The Predators outshot the Sharks (39-25), they outhit San Jose (46-26), but they just couldn’t outscore them.

Like the old saying goes: “you’re not in trouble until you lose a game on home ice.” The Preds still haven’t done that, which means they’re not done yet.

The series now shifts to Nashville for Game 3, which will be played on Tuesday night.

Video: Marc-Edouard Vlasic saved by his visor after taking Shea Weber shot to the face

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It’s a scary night for players getting hit in the head with pucks.

After Brian Elliott was hit in the head by a Jason Spezza slapshot, it was Marc-Edouard Vlasic‘s turn to narrowly avoid disaster.

In the third period of Sunday’s game against the Predators, Vlasic took a puck to the face. The end result could have been catastrophic had Vlasic not had a visor.

You can see the incident by clicking the video at the top of the page.

It’s nice to see that Vlasic was in a joking mood after the game:

Hockey Twitter breathed a collective sigh of relief after Vlasic got back up:

It sounds like Olli Maatta won’t be ready for Game 3

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You’ve all seen it by now (if you haven’t, click the video at the top of page). Penguins defenseman Olli Maatta was forced to leave Game 2 against the Capitals after taking a late hit from Brooks Orpik. Not only was the hit late, but Orpik also caught Maatta in the head.

After the Penguins’ optional skate on Sunday, Penguins head coach Mike Sullivan wasn’t optimistic about Maatta’s chances of playing in Game 3 on Monday night.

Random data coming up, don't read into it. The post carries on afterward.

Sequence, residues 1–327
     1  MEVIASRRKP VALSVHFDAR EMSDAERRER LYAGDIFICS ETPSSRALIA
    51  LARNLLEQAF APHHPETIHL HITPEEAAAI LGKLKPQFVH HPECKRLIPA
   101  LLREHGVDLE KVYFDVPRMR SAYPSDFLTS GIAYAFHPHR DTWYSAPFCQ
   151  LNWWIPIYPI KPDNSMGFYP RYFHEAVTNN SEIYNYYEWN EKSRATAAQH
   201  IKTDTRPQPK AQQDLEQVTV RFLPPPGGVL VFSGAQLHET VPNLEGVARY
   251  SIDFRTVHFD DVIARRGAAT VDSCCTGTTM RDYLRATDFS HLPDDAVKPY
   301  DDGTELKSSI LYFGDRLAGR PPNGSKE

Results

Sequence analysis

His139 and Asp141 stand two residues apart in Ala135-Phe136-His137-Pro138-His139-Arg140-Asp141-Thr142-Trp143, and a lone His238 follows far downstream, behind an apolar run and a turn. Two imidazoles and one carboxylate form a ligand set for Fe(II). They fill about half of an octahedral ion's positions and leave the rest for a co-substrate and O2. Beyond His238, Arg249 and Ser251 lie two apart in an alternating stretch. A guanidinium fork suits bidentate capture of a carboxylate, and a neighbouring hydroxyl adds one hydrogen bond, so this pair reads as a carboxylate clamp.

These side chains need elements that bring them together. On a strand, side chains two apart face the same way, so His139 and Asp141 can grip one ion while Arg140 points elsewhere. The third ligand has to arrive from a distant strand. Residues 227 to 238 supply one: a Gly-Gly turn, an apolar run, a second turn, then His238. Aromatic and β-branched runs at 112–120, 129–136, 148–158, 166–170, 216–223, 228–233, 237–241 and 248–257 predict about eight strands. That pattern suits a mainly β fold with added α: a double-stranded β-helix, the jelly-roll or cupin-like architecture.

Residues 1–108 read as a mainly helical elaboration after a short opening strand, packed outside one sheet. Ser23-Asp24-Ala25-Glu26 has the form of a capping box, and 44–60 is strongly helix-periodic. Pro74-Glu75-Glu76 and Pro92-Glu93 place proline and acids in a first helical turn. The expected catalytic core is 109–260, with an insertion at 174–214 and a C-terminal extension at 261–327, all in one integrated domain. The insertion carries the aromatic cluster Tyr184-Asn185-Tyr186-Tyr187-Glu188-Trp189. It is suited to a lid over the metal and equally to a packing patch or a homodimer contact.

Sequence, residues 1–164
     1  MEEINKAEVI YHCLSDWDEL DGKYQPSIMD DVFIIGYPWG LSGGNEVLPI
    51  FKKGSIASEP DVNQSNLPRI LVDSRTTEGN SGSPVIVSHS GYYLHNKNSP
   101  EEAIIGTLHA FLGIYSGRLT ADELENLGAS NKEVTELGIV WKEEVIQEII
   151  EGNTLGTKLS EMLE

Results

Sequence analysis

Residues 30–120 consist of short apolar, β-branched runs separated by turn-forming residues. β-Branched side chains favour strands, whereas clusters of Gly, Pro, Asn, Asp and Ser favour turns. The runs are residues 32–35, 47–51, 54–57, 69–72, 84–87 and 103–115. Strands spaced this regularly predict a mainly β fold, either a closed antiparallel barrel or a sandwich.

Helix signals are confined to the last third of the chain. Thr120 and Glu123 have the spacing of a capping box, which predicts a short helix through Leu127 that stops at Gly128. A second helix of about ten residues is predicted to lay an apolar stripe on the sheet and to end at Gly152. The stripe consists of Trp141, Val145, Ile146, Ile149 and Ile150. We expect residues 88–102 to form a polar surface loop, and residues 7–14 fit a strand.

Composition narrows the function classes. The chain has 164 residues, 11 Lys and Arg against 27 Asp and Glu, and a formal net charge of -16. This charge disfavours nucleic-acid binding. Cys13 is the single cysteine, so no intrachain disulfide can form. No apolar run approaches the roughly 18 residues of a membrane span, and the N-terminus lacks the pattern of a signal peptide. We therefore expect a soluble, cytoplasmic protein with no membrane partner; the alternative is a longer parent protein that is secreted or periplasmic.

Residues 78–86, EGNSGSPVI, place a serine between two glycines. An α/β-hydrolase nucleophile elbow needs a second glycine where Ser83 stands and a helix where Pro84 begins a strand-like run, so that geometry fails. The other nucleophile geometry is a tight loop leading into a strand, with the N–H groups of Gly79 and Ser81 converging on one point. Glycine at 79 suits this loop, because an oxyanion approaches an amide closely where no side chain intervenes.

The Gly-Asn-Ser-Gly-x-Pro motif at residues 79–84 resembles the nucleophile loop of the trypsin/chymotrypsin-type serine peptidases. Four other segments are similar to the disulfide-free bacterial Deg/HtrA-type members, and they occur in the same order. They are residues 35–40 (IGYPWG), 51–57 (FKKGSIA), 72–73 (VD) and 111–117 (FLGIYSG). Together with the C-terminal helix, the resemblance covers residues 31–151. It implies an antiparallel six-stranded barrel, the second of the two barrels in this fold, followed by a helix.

“Olli’s being evaluated as we speak, so I don’t have any real update as far as his status is concerned,” Sullivan said, per the Pittsburgh Post-Gazette. “He’s being evaluated today, we’ll probably have more information in the morning.

“I don’t have a lot of sense of his availability. I’m probably not optimistic, though.”

After the game, Capitals coach Barry Trotz stood up for his defenseman.

“We’ll let the league handle it,” Trotz said, per CSN Mid-Atlantic. “If you know anything about Brooks, he plays hard, he plays clean. He’s not a dirty player.”

And the league certainly did handle it, as they suspended Orpik for three games.

Related:

Penguins coach takes issue with late, high Orpik hit on Maatta

Brooks Orpik suspended three games for hit on Olli Maatta

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Brooks Orpik has been suspended for three games for his hit on Olli Maatta (top). The Caps defenseman will be forced to miss Games 3, 4 and 5 of the best-of-seven series against the Penguins.

Orpik delivered a late, high hit to Maatta in Game 2. The Penguins defenseman was wobbly getting off the ice and he was unable to return to the game.

Here’s how the Department of Players Safety saw the play:

“Orpik steps up to pressure Bonino, who quickly moves the puck to Maatta. Orpik peels off Bonino to pressure Maatta, who releases a shot from the top of the circle. The two continue on their path toward the goal line, as the puck is kicked into the slot. A full second after Maatta releases the puck, Orpik delivers a high, forceful hit making significant head contact. This is interference.”

To watch the NHL’s Department of Player Safety’s full explanation, click the video below.

This is the third time Orpik’s been suspended in his NHL career.